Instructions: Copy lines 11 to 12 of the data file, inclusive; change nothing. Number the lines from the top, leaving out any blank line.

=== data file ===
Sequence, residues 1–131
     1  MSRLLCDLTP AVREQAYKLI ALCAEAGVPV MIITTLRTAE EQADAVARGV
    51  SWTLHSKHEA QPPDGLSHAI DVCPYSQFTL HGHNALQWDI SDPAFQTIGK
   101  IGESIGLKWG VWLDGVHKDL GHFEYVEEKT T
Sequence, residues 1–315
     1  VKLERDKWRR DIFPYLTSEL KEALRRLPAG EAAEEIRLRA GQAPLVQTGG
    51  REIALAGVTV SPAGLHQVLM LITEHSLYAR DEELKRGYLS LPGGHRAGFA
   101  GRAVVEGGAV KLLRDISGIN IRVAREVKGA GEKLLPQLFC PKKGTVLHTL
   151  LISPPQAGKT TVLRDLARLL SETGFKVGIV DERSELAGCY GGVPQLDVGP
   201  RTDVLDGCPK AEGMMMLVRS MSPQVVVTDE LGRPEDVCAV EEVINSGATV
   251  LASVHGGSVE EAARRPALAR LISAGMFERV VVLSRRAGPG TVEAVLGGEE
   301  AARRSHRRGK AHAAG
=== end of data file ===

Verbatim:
   251  LASVHGGSVE EAARRPALAR LISAGMFERV VVLSRRAGPG TVEAVLGGEE
   301  AARRSHRRGK AHAAG